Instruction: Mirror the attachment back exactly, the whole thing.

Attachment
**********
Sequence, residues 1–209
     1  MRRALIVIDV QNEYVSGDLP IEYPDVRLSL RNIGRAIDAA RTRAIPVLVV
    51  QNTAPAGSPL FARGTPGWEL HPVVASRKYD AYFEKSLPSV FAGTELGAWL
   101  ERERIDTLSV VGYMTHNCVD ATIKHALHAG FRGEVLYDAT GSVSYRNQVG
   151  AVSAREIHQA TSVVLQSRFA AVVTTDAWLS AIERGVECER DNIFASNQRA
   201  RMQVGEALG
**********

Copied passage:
Sequence, residues 1–209
     1  MRRALIVIDV QNEYVSGDLP IEYPDVRLSL RNIGRAIDAA RTRAIPVLVV
    51  QNTAPAGSPL FARGTPGWEL HPVVASRKYD AYFEKSLPSV FAGTELGAWL
   101  ERERIDTLSV VGYMTHNCVD ATIKHALHAG FRGEVLYDAT GSVSYRNQVG
   151  AVSAREIHQA TSVVLQSRFA AVVTTDAWLS AIERGVECER DNIFASNQRA
   201  RMQVGEALG